It is, effectively, a reinforcement of the prevailing force behind the Constitution, namely that the federal government would be limited to enumerated powers and that, absent enumeration, the states and the people retain their rights and power.

SquirrelEStuff's avatar

So how come the DEA can over-rule a states approval for use of medical marijuana?

soundedfury's avatar

The Commerce Clause (Article 1, Section 8) gives Congress the power to regulate interstate commerce, which historically has included a wide range of activities. The 1942 Wickard v. Filburn clarified that the power to regulate continues to exist even if the activity in question is private in nature but affects interstate commerce.

The power to regulate does is not abrogated simply because the activity is not legal. Gonzales v. Raich, the case that allowed federal prosecution of medical marijuana users, correctly states that private use of marijuana can be regulated by the federal government under the Commerce Clause and that the Supremacy Clause allows federal law to trump state law.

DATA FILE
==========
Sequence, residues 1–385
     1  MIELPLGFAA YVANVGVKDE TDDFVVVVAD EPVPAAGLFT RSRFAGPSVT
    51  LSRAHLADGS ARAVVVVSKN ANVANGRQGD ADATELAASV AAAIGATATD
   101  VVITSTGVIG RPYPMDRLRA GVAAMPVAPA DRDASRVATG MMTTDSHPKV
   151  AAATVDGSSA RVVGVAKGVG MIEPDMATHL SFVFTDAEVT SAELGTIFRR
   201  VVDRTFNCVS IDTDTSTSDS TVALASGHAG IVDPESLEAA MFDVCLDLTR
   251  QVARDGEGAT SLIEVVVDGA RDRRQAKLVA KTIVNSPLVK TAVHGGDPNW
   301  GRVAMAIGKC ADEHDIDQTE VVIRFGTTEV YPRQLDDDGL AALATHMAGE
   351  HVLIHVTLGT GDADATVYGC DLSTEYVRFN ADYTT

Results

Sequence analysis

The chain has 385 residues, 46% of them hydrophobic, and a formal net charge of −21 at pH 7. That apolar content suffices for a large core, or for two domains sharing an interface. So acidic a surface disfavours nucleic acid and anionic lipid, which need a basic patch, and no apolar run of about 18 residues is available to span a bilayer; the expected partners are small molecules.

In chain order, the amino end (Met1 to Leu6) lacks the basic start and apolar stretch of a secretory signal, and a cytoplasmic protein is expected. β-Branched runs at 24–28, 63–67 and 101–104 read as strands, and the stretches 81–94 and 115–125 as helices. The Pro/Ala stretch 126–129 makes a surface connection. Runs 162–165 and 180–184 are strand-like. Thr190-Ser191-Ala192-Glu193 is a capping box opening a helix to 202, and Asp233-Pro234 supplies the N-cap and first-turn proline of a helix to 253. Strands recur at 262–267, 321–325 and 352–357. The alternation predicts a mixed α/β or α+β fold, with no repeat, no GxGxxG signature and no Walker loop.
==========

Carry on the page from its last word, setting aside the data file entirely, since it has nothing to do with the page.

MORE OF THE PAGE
Granted, I think the federal government’s position on marijuana is tenuous, they clearly have the constitutional power to regulate its use.

Captain_Tetanus's avatar

Okay, I do not turn on the @#$% TV, I get one channel and it sucks. However, there are ads on billboards and buses and magazines, on bananas, in schools, on jackets and bags and shorts and people’s butts, and before movies in theatres, and in packages, and friggin everywhere. I think we as people have a right not to be turned into consumers. We’re people but little kids are identifying themselves with companies. It becomes increasingly more difficult to just be a person.

As for rights that cost money, people work almost half of each year just to pay taxes! Where is that money going? If my governemtn is taking that much of my money I expect something for it! I’m not asking for a free ride, I’m not poor, but I can’t afford a reasonable health and dental insurance. I don’t expect free health care, I just expect it to be reasonably priced. Instead it is an industry. If people are profiting from making us sick and the medical industry profits from keeping us sick why should they want us to be healthy?